Good lighting must be human-centric. It’s essential when considering the lighting design for a project to first understand how the light will affect the people who use it. How should each of the individual spaces within a project make people feel? How will the lighting affect their perception of their environment? How will it influence how they move through the space?
For example, on the BPX Energy project, the challenge was to make their new office space feel like home for the employees, who were being relocated from Houston, Texas, to Denver, Colorado. At the same time, the environment had to be conducive to work (most of us can’t work productively under the lighting we have in our homes). The goal was to achieve a balance between warm, comfortable, and inviting lighting that accentuated the textures and materiality of the interior design, while providing energy-efficient and productive working illumination.
Consider the standards
Once we have a good understanding of who will use the space and how they’ll use it, we can turn to our trusty standards. I can open my IES Handbook, which will tell me that given ‘X’ type of space with ‘X’ age of users, it is recommended that the design incorporate ‘X’ amount light and ‘X’ ratio of uniformity of bright to dark within spaces.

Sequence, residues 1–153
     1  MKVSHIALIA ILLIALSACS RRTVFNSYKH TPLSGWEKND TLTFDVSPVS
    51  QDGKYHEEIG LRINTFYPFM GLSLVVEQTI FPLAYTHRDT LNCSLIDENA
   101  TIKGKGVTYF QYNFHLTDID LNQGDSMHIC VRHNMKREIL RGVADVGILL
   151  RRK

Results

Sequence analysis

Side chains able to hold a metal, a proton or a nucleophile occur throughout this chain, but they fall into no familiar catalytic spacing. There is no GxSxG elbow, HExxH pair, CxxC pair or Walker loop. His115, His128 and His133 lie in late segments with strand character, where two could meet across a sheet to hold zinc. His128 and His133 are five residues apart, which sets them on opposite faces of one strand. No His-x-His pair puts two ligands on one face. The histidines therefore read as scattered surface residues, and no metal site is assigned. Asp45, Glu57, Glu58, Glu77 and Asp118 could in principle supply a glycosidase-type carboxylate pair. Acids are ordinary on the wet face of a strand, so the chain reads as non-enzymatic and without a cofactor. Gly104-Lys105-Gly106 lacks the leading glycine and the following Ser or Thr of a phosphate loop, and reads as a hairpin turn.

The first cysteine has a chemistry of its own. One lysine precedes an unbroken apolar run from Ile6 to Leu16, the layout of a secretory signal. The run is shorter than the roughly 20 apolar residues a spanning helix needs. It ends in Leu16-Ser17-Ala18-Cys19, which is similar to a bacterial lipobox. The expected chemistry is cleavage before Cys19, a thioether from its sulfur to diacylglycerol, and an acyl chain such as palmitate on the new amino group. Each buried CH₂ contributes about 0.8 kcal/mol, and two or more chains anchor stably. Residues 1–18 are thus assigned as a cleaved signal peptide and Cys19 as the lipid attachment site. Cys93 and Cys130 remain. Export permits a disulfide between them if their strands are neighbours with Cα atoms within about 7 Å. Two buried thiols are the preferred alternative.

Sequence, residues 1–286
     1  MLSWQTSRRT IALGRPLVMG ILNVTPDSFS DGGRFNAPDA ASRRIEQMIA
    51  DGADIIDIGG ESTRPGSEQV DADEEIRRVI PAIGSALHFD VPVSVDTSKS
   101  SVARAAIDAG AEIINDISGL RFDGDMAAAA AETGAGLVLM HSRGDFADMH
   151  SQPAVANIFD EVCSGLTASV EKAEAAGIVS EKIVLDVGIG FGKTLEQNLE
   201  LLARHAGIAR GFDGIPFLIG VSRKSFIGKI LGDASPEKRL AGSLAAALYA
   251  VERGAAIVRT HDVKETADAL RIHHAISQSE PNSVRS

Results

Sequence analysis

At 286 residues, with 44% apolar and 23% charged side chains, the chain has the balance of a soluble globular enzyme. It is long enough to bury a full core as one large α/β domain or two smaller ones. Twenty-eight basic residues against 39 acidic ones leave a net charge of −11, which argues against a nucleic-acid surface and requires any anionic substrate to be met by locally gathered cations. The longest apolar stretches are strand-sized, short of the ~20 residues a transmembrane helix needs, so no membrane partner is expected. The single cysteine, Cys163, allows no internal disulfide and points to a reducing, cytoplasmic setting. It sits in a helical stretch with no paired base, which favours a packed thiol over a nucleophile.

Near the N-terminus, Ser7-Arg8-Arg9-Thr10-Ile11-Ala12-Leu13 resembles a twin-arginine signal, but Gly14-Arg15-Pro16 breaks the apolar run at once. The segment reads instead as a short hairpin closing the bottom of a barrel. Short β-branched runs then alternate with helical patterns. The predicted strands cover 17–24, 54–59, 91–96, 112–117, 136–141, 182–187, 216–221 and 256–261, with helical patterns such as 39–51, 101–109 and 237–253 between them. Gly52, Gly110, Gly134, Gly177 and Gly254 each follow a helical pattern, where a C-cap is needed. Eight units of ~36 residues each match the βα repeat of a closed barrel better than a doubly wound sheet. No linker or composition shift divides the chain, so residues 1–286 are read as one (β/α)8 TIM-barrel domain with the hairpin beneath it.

Similarly, I can look at the energy codes and see the prescriptive controls and lighting power density allowances I need to work within. All of these provide a helpful framework for the design. If I just have a good understanding of the basics, the recommended lighting standards and the code requirements, I can put together a perfectly acceptable lighting design.
Or I could take it to the next level.
Beyond the basics: Next-generation lighting design
Once the fundamentals concepts and prescriptive requirements are met, lighting design has the potential to strike the right balance once again between innovation and utility. This is where the true art in our profession emerges.